Arthur Avenue in the Bronx

Apr 22nd, 2007, 01:37 PM
  #1  
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Arthur Avenue in the Bronx

For some reason we always seem to run out of time and never make it up to Arthur Avenue, so on our next trip, that's a priority. I'm really thinking we might spend the afternoon at the Bronx zoo (yes, we are zoo people), then head over to Arthur Avenue and do some "sightseeing" and have a fairly early dinner. I have a good map, but how is the walk from the zoo to say, Arthur and Crescent? Any particular walking route to take?
Are the stores and markets open in the early evenings?
Roberto's the number one choice for dinner for two of us?
NeoPatrick is offline  
Apr 23rd, 2007, 02:56 AM
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This might work for you if you go on a weekend.
http://www.ilovethebronx.com/bronxtrolley.asp
mclaurie is offline  
Apr 23rd, 2007, 04:13 AM
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I saw that mclaurie, but since the zoo is probably more crowded on weekends in summer, and there isn't much on Sunday on Arthur Avenue apparently, I think we need to do a weekday.
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Apr 23rd, 2007, 05:37 AM
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mp
 
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Patrick, if you go to www.hopstop.com and put in the Bronx zoo and say, Roberto's Restaurant at 603 Crescent Avenue in the bronx (which is one of the more popular restaurants in the Italian neighborhood there) and click walking only as a means of transportaion, you will get walking directions - it is less than a mile . . and will land you smack dab where you want to be . . .
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Apr 23rd, 2007, 05:40 AM
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Well, now that I actually READ you questions . . . sorry . . .
yes, it's a nice walk, a little funky on some blocks, but not bad . . . most of the stores are open until 7PM or so . . . I haven't actually eaten at Roberto's but friends I respect have and they love it, for that sort of 'red sauce' Italian-American fod . . .
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Apr 23rd, 2007, 05:44 AM
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Thanks, mp. Yes, that was my question. I have a good walking map, but trying to figure if it was walking the neighborhoods of street gangs, or pleasant and safe enough.

I assumed "red sauce Italian" is required eating at Arthur Avenue. LOL
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Apr 23rd, 2007, 06:00 AM
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NeoPat,

If it is "red sauce" Italian that you're gearing up for in Arthur Avenue, then I'm afraid you'll be disappointed if you don't find it at Roberto's.

For the red sauce stuff, go to Dominick's on Arthur Ave.
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Apr 23rd, 2007, 06:05 AM
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My favorite Neapolitan on Arthur Avenue is Mario's. If you don't see exactly what you want on the menu, just ask.

Dominick's is fantastic, of course, but with communal tables and a boisterous atmosphere, it's not for everybody on a given visit.
Gekko is offline  
Apr 23rd, 2007, 06:48 AM
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Dominicks is great, but unless they've changed in the past year or so, at lunch it was always no menus, no prices, and cash only - the food is fabulous - (esp the stuffed artichoke and chicken scarpiello) and we'd order those and then take whatever the waiter told us was good - that and wine, for lunch, we've been charged anywhere from 40 ppp to 60 and once a couple next to friends of ours was charged 100 when they were charged 45 and they ate far less than our friends (who one of happens to eat there fairly frequently) - so we always laughed that you were charged either by how much they just happened to like you or if they recognize you - now, maybe this isn't true, and maybe it was just these collective experiences, but thought I'd pass it along. When asked what do I owe you, it seems the waiter thinks for a minute and comes up with his price - for you... It's an experience and it is communal tables if you don't like that type of dining too for lunch you also have to get there either early or late, in our experience.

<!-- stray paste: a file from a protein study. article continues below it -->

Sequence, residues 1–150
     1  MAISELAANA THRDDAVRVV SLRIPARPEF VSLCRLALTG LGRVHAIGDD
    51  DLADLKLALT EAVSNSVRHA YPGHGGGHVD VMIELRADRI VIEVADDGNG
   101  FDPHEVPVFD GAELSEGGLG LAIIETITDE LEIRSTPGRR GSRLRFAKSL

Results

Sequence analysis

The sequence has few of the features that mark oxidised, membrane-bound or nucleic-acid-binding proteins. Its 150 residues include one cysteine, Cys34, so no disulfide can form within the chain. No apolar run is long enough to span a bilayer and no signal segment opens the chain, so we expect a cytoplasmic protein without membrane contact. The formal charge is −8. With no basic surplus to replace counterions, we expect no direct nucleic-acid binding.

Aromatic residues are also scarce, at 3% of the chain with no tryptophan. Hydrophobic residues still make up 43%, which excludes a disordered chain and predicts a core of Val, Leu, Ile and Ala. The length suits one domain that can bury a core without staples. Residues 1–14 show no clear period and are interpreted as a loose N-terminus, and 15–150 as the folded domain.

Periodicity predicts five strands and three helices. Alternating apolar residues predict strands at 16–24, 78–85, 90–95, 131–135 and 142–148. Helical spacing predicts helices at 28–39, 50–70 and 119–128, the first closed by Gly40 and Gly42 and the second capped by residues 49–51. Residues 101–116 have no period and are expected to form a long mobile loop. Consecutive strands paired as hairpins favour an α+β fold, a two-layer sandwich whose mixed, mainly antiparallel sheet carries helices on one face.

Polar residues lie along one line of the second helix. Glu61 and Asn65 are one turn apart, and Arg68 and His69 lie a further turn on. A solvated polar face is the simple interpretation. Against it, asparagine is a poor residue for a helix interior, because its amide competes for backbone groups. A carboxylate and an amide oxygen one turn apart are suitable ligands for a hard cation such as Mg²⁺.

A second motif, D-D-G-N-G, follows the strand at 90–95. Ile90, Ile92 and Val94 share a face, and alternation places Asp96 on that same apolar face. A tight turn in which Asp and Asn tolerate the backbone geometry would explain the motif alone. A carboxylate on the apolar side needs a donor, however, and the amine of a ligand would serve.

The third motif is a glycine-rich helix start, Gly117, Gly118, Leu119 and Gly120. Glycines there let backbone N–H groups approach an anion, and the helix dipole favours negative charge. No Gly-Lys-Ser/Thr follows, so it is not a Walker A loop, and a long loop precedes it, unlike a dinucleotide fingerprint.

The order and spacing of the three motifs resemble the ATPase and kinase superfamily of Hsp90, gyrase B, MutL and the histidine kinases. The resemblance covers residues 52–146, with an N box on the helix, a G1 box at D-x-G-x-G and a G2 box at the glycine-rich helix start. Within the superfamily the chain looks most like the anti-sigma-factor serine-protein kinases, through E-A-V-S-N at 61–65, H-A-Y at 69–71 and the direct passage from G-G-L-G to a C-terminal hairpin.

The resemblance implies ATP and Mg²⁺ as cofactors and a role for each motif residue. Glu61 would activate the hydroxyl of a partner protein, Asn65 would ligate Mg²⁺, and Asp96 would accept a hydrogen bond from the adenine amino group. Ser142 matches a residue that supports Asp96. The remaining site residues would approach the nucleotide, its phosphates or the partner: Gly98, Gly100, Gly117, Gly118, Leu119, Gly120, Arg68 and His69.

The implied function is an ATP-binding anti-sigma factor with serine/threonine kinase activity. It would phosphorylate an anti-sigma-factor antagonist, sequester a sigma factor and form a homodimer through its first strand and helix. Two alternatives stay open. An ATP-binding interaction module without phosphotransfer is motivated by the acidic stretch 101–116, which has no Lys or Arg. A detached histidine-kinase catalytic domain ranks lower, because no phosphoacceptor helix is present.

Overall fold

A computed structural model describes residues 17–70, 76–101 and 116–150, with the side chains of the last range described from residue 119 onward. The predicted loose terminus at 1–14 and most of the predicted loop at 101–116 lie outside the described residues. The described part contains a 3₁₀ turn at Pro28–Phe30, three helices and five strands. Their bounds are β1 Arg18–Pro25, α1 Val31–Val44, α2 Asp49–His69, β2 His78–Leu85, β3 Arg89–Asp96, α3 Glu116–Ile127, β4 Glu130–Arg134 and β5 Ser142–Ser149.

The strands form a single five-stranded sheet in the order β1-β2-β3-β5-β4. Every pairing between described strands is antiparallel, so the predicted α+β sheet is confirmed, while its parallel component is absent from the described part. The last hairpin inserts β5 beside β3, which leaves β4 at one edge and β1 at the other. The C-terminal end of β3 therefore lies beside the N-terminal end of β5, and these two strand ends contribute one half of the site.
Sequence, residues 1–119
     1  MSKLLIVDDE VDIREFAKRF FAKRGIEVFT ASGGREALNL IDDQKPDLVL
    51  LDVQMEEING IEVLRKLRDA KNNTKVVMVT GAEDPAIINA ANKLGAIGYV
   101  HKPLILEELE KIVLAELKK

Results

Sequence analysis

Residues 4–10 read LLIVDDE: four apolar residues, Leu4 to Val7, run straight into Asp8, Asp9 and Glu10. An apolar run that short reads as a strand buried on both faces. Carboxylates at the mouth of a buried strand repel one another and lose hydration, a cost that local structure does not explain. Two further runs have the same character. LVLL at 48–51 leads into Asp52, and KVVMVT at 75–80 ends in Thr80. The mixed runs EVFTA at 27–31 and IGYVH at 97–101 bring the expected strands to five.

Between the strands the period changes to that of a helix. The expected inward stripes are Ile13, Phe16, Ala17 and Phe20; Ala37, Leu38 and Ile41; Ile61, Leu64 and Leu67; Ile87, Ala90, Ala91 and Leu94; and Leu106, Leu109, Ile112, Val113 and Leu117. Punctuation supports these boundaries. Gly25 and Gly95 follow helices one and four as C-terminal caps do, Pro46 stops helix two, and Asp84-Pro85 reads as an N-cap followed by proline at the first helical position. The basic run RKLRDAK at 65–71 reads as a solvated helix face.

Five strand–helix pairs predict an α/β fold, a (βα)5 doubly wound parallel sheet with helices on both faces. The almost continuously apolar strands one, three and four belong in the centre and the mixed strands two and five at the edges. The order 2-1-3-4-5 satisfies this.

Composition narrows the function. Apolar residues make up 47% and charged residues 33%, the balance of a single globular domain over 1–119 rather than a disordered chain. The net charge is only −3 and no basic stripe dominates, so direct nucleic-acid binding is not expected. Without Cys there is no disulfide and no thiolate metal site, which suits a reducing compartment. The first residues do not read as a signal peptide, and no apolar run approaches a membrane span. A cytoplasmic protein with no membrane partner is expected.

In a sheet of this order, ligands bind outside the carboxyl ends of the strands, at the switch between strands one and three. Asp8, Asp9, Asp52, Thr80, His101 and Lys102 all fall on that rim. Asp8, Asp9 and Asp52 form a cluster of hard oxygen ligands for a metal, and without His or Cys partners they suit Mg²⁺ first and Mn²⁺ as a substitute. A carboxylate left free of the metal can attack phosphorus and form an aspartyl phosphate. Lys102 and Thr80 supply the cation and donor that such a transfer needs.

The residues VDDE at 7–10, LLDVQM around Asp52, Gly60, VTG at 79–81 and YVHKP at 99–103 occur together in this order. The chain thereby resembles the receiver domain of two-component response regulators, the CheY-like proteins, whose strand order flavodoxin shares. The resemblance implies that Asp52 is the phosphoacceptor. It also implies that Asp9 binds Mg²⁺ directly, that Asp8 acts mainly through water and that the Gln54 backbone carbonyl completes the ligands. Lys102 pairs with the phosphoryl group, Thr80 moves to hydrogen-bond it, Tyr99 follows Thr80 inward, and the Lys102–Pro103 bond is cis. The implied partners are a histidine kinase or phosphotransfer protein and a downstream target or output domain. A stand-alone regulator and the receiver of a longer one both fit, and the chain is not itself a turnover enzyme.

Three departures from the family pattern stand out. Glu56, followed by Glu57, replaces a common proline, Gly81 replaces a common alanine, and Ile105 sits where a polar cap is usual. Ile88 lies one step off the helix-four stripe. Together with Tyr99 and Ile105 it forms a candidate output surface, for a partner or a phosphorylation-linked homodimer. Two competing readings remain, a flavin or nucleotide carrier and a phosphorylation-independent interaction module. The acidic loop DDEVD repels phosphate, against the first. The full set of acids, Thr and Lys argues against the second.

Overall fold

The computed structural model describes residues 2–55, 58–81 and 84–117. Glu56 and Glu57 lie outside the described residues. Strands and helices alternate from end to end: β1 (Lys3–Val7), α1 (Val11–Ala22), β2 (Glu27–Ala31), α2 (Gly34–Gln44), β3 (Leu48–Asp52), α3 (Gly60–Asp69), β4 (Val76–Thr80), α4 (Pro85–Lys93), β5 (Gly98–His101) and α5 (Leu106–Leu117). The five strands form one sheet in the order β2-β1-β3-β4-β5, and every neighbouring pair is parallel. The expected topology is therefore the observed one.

I don't know about evening or dinner b/c it is lunch and then food shopping and that completes the visit.

The walking is safe, but I don't know what kind of stores you are looking for -from what I've seen it's a neighborhood area with lots of neighborhood stores (hardware, 5 and dime type) but not clothes, etc but GREAT food stores - great to go and buy oils and cheeses and raviolis, etc - but you have to do that after lunch so you can then get any perishables home or keep the food shopping to non-perishables.

So , imo, I am not sure what there would be to sight see other than a marvelous old school italian neighborhood , which is great - but if there are things I've missed I want to know too !! So I am going to keep my eyes on this thread for when I return to NYC in June.....

As you said, you can walk from the Bronx zoo and the Botanical gardens, which if you haven't done that yet are amazing - the glass conservatory, the grounds, the cafe, that is am amazing day in good weather.

escargot is offline  
Apr 23rd, 2007, 09:38 AM
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Yes, it was the food stores and Italian markets I was interested in.

I think you've jogged a memory about Dominick's. I always remember the story about (but not the name of the place) that friends told me they went to in that area because everybody raved. They weren't terribly hungy and had some house wine, a simple antipasta plate and two pastas. There was no menu. The food was good but "old fashioned" they said, but when the bill came they nearly fell off their seats as it was something like $150. They said there must be some mistake, and the waiter came and made a big scene. They laughed about it later, but always said, "don't eat if they don't have a menu!" What you say, makes it sound like it could be that place.

Meanwhile, BillBoy, could you translate this post: "If it is "red sauce" Italian that you're gearing up for in Arthur Avenue, then I'm afraid you'll be disappointed if you don't find it at Roberto's."

What does that mean? We won't find it at Roberto's?
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Apr 23rd, 2007, 09:48 AM
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Yes Neo, sounds like the same place doesn't it -
Which I think is awful, but i suppose you get away with what you can get away with ... which is why I will only go with this one friend who goes there enough and they like her
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Apr 23rd, 2007, 10:13 AM
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I've dined at Dominick's many, many times and have never been surprised by the bill ... but I don't recall if that's because I was told the prices in advance or because the bill was reasonable for what we ordered.